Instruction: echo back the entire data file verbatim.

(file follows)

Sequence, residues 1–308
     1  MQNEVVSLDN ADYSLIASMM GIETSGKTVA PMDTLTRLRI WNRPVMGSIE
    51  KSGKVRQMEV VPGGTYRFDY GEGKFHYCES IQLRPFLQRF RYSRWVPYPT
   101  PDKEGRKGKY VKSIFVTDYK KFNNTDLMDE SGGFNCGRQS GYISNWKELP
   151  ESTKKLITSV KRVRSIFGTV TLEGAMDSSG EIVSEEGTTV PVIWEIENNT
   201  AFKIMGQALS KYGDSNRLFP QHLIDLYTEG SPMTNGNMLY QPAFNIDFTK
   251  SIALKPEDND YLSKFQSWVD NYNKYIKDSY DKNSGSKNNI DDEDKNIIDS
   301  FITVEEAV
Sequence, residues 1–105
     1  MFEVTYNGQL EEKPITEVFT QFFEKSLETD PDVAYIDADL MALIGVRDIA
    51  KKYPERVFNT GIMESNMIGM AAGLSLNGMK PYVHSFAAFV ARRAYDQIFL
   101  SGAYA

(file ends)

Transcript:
Sequence, residues 1–308
     1  MQNEVVSLDN ADYSLIASMM GIETSGKTVA PMDTLTRLRI WNRPVMGSIE
    51  KSGKVRQMEV VPGGTYRFDY GEGKFHYCES IQLRPFLQRF RYSRWVPYPT
   101  PDKEGRKGKY VKSIFVTDYK KFNNTDLMDE SGGFNCGRQS GYISNWKELP
   151  ESTKKLITSV KRVRSIFGTV TLEGAMDSSG EIVSEEGTTV PVIWEIENNT
   201  AFKIMGQALS KYGDSNRLFP QHLIDLYTEG SPMTNGNMLY QPAFNIDFTK
   251  SIALKPEDND YLSKFQSWVD NYNKYIKDSY DKNSGSKNNI DDEDKNIIDS
   301  FITVEEAV
Sequence, residues 1–105
     1  MFEVTYNGQL EEKPITEVFT QFFEKSLETD PDVAYIDADL MALIGVRDIA
    51  KKYPERVFNT GIMESNMIGM AAGLSLNGMK PYVHSFAAFV ARRAYDQIFL
   101  SGAYA